However, arbitrage is only once a day event at best and favours 1 hour systems rather than 2 hours ones as the first hour is typically more valuable. Arbitrage is also probably where value destruction by cheaper new entrants is going to be fiercest as the product is homogenous and the marginal cost of participating is virtually zero, so it is always going to be a daily price war. There’s also no disguising the fact that arbitrage markets have no absolute floor or peak and so for infrastructure funders, continuous daily price wars in bottomless merchant markets may seem a long way from the low risk world of project finance they are used to.

Furthermore, the peaks in the arbitrage cycle are directly linked to the wholesale gas price as peak price is usually set by the gas generators. This was fine when gas prices were very high. But they have calmed down massively in the last few months and as I write the wholesale gas price quoted on the TTF exchange is below the 2 year average and less than it was in 2011. As we know, low gas prices reduce electricity arbitrage spreads across the whole of Europe not just the UK.

The second risk for older BESS operators is whether the ‘problem’ of grid balancing which drives demand for ancillary services can be met from other sources. Unlike generation, BESS doesn’t add net electrons to the system, it either takes them out or puts them back but over the course of 24 hours the net effect is typically zero. BESS only solves a problem; for the grid of frequency imbalance, it doesn’t increase the overall amount of renewable generation. The risk for the BESS operators is that this problem can be solved by other emerging mechanisms such as demand side turn down, increased use of renewable turbine based generators such as bio mass and bio gas and even using domestic electric vehicle batteries as mini grid balancers.

As the European grids become more interconnected, other grid based solutions to frequency imbalances will also emerge. A great example of this occurred very recently in the UK on 12th May 2024 when the sudden sunny weather coupled with windy conditions out to sea meant that the grid had to pay to fire up gas power stations to put more spinning inertia into the system. As it was a Sunday, demand was depressed so to create the headroom the UK grid were simultaneously reversing the interconnectors and paying our bewildered but no doubt grateful European grids GBP 500 MWh to absorb mainly wind and solar derived power from the UK system. This was revenue that could have gone to UK BESS operators, but I suspect their batteries were full quite quickly so our European friends benefited. This sort of thing will become more common over time as improvements in interconnectivity add to the existential threats to UK BESS operators. In effect, better interconnectors between countries enable domestic grid operators to export/import solutions to the problem of volatility rather than pay high prices to local BESS suppliers.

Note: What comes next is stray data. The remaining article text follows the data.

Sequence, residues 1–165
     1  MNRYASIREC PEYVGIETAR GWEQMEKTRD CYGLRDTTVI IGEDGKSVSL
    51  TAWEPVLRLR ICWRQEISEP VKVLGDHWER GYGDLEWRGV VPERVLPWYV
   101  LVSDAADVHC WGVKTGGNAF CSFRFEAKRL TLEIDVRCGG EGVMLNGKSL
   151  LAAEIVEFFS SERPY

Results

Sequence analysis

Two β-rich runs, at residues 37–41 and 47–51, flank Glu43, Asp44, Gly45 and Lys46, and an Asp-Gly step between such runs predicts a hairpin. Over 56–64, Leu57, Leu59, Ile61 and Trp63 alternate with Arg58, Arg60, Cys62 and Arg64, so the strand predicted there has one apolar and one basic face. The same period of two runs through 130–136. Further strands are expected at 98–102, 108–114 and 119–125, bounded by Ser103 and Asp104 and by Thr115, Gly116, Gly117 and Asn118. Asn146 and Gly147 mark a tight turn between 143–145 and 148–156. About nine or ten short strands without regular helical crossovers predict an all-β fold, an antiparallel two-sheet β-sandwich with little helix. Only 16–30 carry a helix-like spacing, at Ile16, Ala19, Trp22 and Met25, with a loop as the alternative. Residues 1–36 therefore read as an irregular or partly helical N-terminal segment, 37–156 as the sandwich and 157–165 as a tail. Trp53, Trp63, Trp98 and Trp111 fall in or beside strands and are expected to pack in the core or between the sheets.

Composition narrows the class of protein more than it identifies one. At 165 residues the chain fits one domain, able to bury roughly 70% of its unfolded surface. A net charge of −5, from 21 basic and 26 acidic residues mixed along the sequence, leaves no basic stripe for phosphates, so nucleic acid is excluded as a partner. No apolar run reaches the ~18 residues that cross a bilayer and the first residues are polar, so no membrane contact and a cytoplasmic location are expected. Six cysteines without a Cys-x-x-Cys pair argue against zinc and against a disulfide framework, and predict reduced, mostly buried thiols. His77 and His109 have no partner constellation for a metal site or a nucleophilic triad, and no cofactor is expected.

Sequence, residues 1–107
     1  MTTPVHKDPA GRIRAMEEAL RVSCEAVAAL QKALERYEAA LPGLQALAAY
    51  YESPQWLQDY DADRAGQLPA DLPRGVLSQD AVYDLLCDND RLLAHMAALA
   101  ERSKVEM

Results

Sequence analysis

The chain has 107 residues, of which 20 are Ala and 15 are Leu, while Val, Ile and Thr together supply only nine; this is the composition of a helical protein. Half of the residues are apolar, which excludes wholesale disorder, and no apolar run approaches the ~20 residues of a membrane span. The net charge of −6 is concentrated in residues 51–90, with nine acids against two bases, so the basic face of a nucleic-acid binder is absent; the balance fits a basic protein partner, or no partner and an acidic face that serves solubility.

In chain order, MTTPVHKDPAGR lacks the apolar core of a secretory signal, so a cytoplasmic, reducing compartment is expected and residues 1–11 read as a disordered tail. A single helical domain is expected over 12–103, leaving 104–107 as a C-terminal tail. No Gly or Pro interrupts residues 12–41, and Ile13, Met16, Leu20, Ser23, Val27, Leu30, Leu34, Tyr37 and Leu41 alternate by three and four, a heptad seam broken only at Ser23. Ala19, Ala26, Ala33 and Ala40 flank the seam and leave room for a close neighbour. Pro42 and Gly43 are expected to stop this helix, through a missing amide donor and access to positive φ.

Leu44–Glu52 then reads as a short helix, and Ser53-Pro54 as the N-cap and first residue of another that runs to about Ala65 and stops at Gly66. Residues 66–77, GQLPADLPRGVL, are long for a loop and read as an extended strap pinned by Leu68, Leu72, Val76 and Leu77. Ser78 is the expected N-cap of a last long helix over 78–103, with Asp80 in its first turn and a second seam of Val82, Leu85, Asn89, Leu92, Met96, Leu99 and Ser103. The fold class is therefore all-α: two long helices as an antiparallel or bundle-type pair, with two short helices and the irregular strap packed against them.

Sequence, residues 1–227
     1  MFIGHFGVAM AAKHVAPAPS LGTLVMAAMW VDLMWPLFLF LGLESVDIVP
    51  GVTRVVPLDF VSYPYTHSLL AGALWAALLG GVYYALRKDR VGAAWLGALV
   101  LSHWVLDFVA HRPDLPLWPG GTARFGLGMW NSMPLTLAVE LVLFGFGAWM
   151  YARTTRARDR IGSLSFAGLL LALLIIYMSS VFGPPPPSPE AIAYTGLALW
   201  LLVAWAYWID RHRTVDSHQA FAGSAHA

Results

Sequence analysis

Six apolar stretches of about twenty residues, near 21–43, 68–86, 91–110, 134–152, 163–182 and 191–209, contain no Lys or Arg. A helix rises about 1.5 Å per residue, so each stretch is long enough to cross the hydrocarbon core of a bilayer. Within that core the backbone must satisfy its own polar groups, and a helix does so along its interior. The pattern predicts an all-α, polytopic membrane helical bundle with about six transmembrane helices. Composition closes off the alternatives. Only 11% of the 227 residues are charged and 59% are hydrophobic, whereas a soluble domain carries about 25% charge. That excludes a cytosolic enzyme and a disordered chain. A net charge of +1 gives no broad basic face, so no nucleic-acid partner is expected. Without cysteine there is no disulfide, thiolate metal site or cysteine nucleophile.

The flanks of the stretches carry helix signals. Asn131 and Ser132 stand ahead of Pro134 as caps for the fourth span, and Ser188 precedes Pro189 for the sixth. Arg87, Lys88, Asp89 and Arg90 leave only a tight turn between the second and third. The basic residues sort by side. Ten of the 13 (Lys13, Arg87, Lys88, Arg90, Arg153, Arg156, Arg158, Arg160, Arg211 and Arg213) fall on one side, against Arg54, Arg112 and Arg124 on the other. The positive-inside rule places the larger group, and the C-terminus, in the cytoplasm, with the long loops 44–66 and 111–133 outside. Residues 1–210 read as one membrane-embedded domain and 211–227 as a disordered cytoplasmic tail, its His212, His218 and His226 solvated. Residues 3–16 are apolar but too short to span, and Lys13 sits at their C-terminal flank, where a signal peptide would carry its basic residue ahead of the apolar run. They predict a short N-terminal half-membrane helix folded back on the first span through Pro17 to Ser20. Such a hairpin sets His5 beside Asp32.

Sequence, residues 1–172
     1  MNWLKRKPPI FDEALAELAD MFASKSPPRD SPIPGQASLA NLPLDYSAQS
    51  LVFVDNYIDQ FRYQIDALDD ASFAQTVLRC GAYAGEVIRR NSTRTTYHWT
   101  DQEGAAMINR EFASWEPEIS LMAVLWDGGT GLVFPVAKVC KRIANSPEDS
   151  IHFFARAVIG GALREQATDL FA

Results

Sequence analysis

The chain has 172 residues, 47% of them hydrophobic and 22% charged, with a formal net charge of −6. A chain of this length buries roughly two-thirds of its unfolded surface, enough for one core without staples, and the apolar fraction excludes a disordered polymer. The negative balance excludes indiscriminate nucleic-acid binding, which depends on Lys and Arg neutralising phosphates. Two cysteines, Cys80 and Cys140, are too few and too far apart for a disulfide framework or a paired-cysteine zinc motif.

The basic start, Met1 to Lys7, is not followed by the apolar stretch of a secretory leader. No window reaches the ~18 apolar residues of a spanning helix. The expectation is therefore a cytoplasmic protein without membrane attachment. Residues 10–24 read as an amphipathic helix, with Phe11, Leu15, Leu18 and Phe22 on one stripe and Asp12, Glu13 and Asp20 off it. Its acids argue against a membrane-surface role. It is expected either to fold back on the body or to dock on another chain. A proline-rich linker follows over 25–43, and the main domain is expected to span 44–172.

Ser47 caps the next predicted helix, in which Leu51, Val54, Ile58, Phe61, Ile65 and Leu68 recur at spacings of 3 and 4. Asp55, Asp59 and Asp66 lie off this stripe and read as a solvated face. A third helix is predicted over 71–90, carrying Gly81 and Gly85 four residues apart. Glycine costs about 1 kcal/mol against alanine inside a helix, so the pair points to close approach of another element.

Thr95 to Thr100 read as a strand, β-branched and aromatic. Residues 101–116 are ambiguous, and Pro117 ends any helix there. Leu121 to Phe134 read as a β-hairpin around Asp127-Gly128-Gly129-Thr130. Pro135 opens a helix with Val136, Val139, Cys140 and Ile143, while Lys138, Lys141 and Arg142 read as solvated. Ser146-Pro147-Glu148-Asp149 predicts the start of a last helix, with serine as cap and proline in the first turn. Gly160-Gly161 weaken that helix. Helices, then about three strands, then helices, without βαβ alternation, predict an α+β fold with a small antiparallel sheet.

So, all in all, the long term outlook for BESS in the UK and elsewhere is unclear, particularly for early market entrants. Unlike being given your seat on a tube, there is no compensation in the BESS market for being old and I think its a fair bet that not many people who entered this sector 5 years ago assumed either quite such a precipitous decline in battery system prices or that it would open the door to quite so many competitors. Obviously demand for BESS will grow as spinning inertia declines,. But its far from obvious that the growth in demand for ancillary services, which pushes up revenues, will outstrip the counter force of growth in capacity (powered by ever cheaper technology costs) which obviously pushes them down.

The rapid decline in UK BESS revenue from 2022 to 2023 may have been a freak one off but may also be portentous of further shocks to come. I have no doubt that Gresham’s  GBP 100m loss in just 12 months from just 690 MW of installed BESS capacity may have had quite a few infrastructure funds pausing to suck a thoughtful tooth. Gresham are the dominant player in the UK market and probably one of most sophisticated BESS traders in the world.  If they can’t make money in the UK market then who can? There are always other renewables markets and suddenly UK BESS doesn’t seem as low risk as it may have first appeared. Add to this the fact that the ‘problem’ of declining revenue from ancillary services is seen by the Grid as positive not a negative. The Grid would dearly love to not be paying GB 70k per MW per annum for no net gain in electrons so are understandably actively exploring other solutions.

In conclusion two things I’ve learnt from getting old is not to draw conclusions or make predictions about pretty much anything. The world is more not less random than it first appears. Eventually battery prices will bottom out and some sort of equilibrium will emerge in both the ancillary and arbitrage markets but as the old adage says, markets can remain irrational a lot longer than you can stay solvent.